Physical custody refers to the amount of time the child spends with each parent. The parent with whom the child is living on a given day generally makes the day-to-day decisions for the child. Some courts will skip identifying the primary physical custodian and describe the parenting time (schedule) the child will have with each parent.
The court awards legal custody based on what the judge decides to be in the child’s best interests.
Sole custody means that one parent handles the primary decision-making.
Joint custody means that the parents share primary decision-making. It does not affect the amount of time the child spends with each parent. Joint custody does not eliminate the responsibility for child support, nor is it grounds for modifying a support order. Each parent is responsible for child support, based on the needs of the child and the resources of the parent.
At the request of either parent, the court will consider joint custody. The court determines if joint custody is in the best interest of the child, taking into account whether the parents can cooperate and agree on important decisions affecting the child’s welfare. If parents agree on joint custody, the court awards joint custody unless it finds clear and convincing evidence that the child’s welfare dictates otherwise.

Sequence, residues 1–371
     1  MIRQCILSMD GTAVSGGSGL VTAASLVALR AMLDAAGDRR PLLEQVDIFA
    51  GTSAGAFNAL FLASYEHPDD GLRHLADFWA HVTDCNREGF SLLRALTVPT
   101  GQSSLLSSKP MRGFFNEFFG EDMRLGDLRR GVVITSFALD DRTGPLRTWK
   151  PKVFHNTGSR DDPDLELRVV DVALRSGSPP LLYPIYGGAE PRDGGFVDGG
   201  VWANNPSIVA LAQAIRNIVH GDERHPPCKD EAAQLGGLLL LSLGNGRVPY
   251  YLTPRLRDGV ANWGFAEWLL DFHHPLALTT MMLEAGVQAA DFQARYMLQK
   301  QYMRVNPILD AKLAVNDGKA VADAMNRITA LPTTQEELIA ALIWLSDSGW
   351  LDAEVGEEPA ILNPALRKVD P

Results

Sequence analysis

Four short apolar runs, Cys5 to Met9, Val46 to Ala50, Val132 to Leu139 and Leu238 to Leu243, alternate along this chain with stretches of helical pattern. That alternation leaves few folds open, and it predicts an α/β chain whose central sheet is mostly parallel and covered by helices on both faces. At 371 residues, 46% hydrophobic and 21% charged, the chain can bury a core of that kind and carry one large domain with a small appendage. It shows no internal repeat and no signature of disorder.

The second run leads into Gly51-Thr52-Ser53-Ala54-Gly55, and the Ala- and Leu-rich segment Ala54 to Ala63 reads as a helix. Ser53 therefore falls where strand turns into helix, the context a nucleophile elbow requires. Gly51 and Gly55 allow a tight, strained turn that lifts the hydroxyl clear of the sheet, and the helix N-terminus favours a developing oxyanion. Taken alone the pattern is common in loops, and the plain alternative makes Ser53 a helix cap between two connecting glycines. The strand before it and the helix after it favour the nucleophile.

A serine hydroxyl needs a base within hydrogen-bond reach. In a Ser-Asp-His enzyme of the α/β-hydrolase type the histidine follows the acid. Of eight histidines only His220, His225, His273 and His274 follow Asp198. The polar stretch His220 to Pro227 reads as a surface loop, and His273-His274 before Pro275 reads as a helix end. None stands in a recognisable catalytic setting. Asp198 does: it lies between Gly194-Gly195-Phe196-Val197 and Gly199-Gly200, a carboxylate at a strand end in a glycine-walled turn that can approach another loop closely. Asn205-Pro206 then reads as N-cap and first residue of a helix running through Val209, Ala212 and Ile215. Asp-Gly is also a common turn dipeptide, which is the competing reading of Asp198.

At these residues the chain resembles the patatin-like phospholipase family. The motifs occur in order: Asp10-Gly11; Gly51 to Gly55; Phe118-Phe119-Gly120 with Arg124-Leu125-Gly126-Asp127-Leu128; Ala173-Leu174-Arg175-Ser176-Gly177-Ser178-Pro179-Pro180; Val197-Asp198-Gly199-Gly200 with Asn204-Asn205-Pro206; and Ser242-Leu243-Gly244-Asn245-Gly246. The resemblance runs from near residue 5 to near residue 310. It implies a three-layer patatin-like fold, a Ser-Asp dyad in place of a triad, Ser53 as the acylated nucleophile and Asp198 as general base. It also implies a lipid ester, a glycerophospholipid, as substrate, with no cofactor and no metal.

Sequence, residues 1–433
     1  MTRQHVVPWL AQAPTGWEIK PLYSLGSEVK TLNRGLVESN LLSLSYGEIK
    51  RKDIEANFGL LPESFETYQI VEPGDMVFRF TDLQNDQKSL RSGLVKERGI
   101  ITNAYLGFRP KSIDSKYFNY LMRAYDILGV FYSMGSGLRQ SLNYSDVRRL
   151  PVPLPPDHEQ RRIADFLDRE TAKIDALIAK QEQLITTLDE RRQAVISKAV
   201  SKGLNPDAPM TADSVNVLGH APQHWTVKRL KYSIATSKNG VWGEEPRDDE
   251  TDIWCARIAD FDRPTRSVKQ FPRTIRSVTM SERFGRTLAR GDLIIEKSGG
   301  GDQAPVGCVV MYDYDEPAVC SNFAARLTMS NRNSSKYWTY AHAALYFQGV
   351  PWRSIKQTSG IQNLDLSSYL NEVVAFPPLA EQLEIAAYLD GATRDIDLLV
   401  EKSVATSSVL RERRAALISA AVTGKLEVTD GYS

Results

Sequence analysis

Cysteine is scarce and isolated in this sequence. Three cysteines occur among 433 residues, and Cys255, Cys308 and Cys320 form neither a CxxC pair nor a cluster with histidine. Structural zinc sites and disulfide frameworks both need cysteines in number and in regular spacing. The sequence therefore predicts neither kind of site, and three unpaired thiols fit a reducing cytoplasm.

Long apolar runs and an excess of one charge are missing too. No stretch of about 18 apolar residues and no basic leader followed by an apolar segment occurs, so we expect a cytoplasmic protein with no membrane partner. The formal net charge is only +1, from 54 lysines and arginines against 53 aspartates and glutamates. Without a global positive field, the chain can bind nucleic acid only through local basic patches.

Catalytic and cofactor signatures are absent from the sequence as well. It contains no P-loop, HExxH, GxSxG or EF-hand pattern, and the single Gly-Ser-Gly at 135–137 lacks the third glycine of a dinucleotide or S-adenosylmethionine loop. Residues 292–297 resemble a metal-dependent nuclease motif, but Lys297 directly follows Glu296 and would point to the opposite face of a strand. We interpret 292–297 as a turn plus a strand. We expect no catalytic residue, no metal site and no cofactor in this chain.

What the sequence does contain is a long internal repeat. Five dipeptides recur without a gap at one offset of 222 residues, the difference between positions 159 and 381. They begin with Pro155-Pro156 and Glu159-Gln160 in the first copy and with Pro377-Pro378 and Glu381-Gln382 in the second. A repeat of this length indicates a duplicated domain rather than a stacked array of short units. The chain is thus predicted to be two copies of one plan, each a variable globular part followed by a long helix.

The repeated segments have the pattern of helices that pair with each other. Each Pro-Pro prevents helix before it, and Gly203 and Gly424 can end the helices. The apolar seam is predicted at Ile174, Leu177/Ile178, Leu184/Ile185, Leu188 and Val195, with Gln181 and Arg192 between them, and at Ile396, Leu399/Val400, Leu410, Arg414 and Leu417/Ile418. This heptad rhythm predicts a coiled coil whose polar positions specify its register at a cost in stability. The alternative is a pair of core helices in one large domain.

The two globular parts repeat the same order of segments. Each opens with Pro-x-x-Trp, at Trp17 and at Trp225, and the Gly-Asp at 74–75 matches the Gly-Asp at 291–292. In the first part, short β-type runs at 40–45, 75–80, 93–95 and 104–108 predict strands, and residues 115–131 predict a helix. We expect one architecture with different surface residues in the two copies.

Child custody orders can be modified if there is a significant change in circumstances. The court will consider the time the child has lived in a stable custodial environment and what the judge feels is in the child’s best interest.